Dentist: Hello Liz. What seems to be the problem?
Liz: One of my small molars has been aching for a while. I was waiting, and hoping that the pain would go away, but it hasn't.
Dentist: You are due to have an x-ray, so let's do that and then talk about all your teeth.
Dentist: Ah, yes, you have quite a large cavity in the side of a molar. The hole in the enamel is small but deep. I'm afraid the pain won't go away until you have a filling.
Liz: Oh, ok. I'm so disappointed. I brush and floss my teeth twice a day, and I avoid sugary food.
Dentist: I know you have good dental hygiene. Well, because you have a brace, it is hard to clean in between your teeth. And some people have cavities, root canals, abscesses, and even gingivitis, while other people , don't have many problems.
Liz: That seems unfair.
Dentist: It's to do with the level of bacteria in your mouth which is affected by hygiene, diet, genetics, and even stress. I know that you have good dental hygiene because your teeth are healthy and your mouth is very clean. Generally speaking, brushing and flossing and avoiding sugar are the keys to cavity-free teeth. The good news is that soon we will be able to take off your braces; your teeth are almost completely straight.
Liz: That will be a big relief!
Every six months, my family members and I are supposed to go to the dentist for a check-up. I say "supposed to" because we don't rush to get there. Sometimes it's several months later that we have our appointments. I don't have a problem with going(1) to the dentist; I don't have tooth problems, and I like looking after my teeth. My children, however, have needed more of a push to take care of their teeth. Through the years, I have become familiar with the phrases and vocabulary related to dental hygiene: floss, cavities, fillings, molars, x-rays, enamel, and root canals. The dentist office is a scary place, if you think about it. Perhaps that's why the staff is so friendly, almost over-the-top friendly. Everybody smiles so much that it makes me nervous. Anyway, my son and I went to a different kind of dentist: an orthodontist. He is a person who corrects crooked teeth, an overbite, or an underbite. He doesn't pull teeth out, fill them, give injections, or fix any surface problems. Rather, he rearranges the position of the teeth by using braces and retainers. Robert doesn't have any of these problems, but he does have a canine tooth growing into the roof of his mouth. One of his baby teeth is in the way, and so the canine cannot grow into its space properly. I'm a believer in letting(2) nature figure things out as much as possible; the baby tooth will probably fall out, and the canine will grow in properly. I made a point of letting(3) the orthodontist know that I would rather wait than intervene. I noticed that he looked at my teeth the whole time that we were talking. That made me nervous as well. He, of course, is running a business, so intervening makes money for him. The conclusion, thankfully, in Robert's case, was to simply pull out the baby tooth, and then wait to see what happens. He has a lovely set of teeth at the moment, so maybe the strange activity in his mouth will correct itself. They told us to wait six months and then go back for another consultation. When we do, I'll make sure that our teeth are well polished, and we smile as much as they do.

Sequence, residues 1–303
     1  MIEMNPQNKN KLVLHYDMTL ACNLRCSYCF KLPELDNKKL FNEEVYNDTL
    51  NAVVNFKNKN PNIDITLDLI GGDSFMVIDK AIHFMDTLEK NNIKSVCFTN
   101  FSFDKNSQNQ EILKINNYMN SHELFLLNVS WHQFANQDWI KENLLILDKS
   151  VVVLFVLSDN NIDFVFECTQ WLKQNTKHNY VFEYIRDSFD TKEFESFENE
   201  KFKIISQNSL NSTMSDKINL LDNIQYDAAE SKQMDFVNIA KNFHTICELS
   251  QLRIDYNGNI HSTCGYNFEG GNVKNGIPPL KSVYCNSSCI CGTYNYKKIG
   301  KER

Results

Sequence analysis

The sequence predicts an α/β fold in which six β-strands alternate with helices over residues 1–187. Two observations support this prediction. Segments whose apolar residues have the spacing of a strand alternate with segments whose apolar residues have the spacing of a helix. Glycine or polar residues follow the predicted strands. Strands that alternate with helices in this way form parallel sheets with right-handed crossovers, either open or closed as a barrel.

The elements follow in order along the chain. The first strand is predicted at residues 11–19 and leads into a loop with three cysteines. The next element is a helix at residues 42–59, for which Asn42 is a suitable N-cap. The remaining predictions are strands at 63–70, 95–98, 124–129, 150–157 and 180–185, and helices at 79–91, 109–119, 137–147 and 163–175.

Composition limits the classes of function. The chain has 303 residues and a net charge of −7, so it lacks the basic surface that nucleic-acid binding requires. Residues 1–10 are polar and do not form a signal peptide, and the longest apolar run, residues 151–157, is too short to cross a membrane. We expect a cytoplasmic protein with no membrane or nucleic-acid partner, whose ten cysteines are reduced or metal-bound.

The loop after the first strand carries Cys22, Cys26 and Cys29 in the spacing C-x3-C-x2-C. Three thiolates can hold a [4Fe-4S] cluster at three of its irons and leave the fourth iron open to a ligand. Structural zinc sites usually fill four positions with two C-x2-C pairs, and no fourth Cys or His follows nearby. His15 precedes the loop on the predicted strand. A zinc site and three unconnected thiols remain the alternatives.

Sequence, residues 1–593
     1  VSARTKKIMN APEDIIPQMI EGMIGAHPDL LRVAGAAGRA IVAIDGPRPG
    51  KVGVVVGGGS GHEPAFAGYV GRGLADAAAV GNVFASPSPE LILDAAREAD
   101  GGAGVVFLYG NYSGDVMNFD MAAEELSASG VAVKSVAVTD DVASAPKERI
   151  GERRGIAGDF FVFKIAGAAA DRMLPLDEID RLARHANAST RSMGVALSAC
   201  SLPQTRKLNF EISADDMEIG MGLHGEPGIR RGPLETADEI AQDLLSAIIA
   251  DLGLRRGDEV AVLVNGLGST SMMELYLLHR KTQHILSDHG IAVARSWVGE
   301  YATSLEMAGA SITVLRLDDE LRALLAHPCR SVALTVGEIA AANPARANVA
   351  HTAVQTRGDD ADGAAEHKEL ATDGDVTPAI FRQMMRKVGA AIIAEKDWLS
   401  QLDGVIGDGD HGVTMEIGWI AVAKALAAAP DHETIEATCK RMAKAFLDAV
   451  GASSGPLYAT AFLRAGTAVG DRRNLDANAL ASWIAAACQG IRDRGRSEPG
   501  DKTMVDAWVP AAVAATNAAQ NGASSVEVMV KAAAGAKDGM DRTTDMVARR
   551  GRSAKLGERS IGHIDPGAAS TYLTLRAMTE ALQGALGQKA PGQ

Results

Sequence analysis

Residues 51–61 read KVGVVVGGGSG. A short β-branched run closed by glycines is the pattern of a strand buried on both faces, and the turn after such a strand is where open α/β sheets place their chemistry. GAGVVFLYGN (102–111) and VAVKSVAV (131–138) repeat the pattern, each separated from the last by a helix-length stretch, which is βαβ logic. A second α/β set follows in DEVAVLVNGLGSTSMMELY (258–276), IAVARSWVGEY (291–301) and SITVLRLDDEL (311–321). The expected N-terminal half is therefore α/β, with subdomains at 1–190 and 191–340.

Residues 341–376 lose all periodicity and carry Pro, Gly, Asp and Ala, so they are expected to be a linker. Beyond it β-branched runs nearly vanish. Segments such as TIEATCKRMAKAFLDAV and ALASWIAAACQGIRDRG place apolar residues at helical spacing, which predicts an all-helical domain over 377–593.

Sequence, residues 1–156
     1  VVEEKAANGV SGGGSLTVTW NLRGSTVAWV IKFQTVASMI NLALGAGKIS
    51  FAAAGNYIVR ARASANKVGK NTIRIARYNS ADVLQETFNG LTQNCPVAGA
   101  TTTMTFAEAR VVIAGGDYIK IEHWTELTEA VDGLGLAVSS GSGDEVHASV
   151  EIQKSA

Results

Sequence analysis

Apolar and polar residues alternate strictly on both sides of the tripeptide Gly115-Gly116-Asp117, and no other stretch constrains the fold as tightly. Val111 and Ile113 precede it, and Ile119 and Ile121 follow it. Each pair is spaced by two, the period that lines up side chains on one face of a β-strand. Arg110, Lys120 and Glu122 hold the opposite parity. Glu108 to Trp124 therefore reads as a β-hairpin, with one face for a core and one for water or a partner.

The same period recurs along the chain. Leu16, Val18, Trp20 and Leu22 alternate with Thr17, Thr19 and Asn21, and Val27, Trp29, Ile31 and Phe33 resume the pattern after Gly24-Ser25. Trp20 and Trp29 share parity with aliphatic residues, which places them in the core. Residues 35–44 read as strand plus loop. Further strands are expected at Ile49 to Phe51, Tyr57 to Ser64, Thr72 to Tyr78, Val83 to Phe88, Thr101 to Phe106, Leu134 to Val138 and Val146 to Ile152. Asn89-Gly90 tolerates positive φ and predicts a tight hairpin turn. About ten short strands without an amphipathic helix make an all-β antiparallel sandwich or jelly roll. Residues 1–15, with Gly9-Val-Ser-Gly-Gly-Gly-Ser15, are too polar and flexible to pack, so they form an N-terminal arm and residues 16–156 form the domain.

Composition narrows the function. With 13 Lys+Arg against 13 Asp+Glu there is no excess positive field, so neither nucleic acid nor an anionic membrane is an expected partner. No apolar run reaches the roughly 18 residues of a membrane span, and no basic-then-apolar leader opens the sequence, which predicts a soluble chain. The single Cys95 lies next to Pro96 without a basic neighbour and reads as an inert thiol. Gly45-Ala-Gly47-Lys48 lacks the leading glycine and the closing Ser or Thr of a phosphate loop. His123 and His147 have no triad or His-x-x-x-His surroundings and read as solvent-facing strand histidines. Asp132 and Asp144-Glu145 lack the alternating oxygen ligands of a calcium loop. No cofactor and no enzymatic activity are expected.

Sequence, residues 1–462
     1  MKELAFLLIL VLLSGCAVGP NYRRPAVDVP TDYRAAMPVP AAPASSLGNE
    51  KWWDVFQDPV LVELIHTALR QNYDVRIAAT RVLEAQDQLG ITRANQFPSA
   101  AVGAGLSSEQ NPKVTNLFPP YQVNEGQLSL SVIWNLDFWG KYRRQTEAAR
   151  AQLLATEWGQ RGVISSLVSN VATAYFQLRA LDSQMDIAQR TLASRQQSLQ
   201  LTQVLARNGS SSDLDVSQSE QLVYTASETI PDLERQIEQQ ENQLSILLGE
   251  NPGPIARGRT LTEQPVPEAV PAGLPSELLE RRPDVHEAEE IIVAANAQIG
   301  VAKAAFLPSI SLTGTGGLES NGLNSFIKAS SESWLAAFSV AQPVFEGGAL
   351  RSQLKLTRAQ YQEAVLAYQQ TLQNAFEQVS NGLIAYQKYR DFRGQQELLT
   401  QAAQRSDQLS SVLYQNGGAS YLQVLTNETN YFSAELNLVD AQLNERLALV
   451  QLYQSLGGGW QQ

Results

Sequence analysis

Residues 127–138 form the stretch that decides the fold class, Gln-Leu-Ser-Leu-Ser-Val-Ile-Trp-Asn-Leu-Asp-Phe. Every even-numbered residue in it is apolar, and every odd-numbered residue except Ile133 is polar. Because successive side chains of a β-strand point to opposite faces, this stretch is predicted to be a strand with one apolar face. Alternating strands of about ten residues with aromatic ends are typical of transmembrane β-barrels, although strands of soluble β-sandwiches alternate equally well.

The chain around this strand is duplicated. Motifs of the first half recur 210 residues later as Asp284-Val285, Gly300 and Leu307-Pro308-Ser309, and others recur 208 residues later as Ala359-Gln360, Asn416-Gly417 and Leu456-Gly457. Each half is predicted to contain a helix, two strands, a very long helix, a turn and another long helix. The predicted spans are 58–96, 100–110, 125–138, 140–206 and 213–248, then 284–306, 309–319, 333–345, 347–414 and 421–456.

1. 'I don't have a problem with + gerund'.
a. I don't have a problem with waiting for the bus.
b. They don't have a problem with paying extra for a room with a view.
2. 'I'm a believer in + gerund'.
a. I'm a believer in getting up early to get organized for the day.
b. I'm a believer in exercising and eating well. *Note, I could follow 'believer' with the nouns 'exercise and good food'.
3. 'I made a point of + gerund'.
a. I made a point of telling him that I was leaving the party; I wanted him to notice.
b. The students made a point of going to the professor's office at the end of the year, and thanking him for his teaching.
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Advertising is everywhere nowadays. Most of us are used to seeing advertisements every day. Having coffee with one of my friends a week ago, I saw an amusing advertisement for the coffee shop. It wasn't pushy(1), or overly dramatic, but just funny. It's actually the photo for today's podcast. It made me think of a unit of study that I was helping to teach recently. The students were learning about the science of advertising to children in the U.S. Apparently, there are no regulations(2) to protect children from the influences of adverts. Psychologists and child development experts are also employed by advertising agencies to make sure that advertisements for children are irresistible(3) to them. We watched a video series about the subject, and then the students and I had a discussion. So often, it seems, advertising is not accurate. And here there is an overwhelming amount of advertising, especially on television. We recently cancelled our television contract, so now, we don't have regular channels; instead, we have apps, so we can choose specific programs. Why is that better than television channels? Simply, there are no commercials, and no awful news flashes. If I want to hear the news, I listen to a podcast, or I watch a news app. I realized, just the other day, how much more peaceful our house is. Imagine a house with no commercials or advertising! It's like being on vacation. My youngest children ask for things less, because they no longer see products like toys advertised. When I finished teaching the unit, I asked the students if they will now have a different opinion of the advertising they see in shops and on television. "Oh yes!" was their group reply. Just by learning about it, they are now more informed about the big business behind the powerful machine of advertising.